Edward II review at Sam Wanamaker Playhouse, London – ‘an exhilarating production’
Christopher Marlowe’s Edward II is a thrilling account of a fascinating episode in British history, one filled with personal and political dilemmas. Nick Bagnall’s new production does it justice, galloping through the knotty maze of intrigue, power play, violence and love.
Edward II (Tom Stuart) has just ascended the throne, but signs of unrest are already visible. At the centre of a series of events that will end with Edward’s gruesome murder, is the King’s relationship with Piers Gaveston (Beru Tessema), a man the country’s barons are desperate to see disposed, either though exile or slaughter.
Bagnall’s sophisticated staging for the Sam Wanamaker Playhouse draws out the sincere love that underpins Edward and Gaveston’s relationship. Although there’s a highly sexual charge to all their interactions, Stuart and Tessema also exude tenderness and affection for each other. In the cold world of courtly mannerisms, politically-motivated marriages and untrustworthy advisors, this uncompromising love is made all the more precious.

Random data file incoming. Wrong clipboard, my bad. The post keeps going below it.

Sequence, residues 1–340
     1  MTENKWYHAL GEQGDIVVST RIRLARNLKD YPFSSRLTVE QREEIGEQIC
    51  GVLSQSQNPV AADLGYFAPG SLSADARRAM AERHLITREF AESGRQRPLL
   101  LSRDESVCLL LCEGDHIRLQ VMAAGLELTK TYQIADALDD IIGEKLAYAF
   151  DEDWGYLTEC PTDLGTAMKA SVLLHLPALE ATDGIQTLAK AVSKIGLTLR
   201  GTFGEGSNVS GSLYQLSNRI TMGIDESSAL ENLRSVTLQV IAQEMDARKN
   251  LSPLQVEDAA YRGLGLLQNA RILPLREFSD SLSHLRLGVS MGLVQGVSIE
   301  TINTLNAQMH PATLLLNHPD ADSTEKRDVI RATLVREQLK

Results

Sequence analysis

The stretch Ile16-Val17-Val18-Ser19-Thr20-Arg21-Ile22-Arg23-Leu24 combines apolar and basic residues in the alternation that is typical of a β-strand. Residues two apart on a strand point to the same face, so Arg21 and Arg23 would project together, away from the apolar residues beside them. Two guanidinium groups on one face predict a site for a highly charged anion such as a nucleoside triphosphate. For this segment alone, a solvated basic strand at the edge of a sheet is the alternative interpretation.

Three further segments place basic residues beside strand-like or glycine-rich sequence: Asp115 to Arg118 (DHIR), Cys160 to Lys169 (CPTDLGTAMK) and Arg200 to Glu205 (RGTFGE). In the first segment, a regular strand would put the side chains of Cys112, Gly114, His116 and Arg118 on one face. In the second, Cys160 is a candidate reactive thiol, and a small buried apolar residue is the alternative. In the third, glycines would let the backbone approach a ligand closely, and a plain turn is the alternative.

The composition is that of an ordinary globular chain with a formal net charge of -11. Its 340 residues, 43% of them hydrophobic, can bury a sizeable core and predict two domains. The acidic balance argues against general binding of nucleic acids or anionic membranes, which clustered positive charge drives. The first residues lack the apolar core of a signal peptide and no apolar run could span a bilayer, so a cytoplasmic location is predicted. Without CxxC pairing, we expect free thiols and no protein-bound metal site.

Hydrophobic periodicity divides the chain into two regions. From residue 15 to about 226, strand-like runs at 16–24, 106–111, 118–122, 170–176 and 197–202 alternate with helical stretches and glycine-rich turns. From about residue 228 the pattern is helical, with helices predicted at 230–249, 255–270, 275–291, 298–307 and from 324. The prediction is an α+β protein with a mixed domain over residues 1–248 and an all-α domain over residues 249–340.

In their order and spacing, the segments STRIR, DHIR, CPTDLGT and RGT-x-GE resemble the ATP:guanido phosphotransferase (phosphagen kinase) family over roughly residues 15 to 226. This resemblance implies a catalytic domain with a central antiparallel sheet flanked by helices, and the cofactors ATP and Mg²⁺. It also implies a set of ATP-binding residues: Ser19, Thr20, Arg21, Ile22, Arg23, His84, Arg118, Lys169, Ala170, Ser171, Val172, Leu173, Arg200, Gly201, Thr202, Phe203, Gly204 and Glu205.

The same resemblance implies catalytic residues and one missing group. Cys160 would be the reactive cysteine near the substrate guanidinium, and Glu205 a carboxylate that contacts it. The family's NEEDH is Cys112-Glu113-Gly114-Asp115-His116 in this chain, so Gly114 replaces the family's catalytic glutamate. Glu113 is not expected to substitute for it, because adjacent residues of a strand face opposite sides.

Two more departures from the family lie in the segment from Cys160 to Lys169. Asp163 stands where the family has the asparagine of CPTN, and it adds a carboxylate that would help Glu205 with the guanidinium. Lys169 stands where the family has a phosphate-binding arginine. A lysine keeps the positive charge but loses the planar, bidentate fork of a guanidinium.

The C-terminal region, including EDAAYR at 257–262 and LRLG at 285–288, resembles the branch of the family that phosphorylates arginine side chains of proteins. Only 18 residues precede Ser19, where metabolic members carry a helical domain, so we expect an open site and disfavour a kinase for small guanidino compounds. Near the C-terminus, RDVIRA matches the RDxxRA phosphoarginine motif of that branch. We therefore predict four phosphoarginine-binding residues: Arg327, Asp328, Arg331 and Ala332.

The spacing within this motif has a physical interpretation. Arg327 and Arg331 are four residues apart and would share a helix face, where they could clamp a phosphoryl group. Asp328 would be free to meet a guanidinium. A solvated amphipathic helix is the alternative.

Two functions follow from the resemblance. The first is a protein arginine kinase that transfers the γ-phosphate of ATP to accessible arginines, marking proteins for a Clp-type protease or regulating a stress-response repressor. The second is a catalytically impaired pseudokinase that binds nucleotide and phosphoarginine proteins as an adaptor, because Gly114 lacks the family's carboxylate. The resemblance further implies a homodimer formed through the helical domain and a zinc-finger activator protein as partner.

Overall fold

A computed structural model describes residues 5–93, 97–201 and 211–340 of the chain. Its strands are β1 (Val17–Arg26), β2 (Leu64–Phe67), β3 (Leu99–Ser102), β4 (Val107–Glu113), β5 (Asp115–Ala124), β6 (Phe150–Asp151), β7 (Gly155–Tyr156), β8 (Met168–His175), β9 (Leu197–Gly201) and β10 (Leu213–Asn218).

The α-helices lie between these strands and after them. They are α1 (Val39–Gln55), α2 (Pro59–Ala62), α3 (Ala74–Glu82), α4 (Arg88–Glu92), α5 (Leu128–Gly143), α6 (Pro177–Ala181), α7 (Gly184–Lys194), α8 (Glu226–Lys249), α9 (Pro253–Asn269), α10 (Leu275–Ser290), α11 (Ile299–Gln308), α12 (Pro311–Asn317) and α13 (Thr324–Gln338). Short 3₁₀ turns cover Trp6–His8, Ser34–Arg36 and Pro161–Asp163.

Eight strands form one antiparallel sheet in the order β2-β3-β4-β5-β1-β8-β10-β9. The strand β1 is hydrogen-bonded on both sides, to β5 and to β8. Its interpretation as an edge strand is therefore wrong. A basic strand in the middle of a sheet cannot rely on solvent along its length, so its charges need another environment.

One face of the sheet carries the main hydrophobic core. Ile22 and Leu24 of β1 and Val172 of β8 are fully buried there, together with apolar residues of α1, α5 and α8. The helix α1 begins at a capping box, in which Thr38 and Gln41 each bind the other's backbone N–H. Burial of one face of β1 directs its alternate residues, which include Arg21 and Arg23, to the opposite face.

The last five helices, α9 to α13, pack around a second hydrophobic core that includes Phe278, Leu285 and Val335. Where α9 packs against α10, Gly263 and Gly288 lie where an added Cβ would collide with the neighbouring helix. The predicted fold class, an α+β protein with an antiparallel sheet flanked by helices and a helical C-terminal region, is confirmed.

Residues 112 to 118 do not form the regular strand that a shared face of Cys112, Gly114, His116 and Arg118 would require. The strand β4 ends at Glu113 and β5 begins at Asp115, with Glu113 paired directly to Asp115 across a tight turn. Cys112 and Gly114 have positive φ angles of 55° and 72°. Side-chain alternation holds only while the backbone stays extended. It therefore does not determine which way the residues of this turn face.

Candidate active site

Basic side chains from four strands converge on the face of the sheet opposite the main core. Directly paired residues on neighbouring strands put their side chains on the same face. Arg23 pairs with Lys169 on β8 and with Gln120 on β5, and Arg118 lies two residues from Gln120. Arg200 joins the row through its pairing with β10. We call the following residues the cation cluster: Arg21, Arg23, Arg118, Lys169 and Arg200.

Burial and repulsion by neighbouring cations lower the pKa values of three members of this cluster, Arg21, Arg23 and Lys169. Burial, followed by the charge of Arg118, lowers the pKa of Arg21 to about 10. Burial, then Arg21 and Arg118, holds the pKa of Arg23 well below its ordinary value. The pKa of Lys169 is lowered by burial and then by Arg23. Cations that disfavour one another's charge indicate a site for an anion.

The performances of the cast as a whole are excellent. Jonathan Livingstone – always a pleasure to see on stage – is a particularly charming Mortimer Junior, making the character seem like a natural leader.
But it’s Stuart who makes the production so engaging, particularly in the latter parts, delivering lengthy, tricky speeches with a graceful naturalism and measured passion. Near the end, when struggling with the demand to resign his crown, he addresses one of his questions to the audience: “Are you moved?” he asks. We are, we are.
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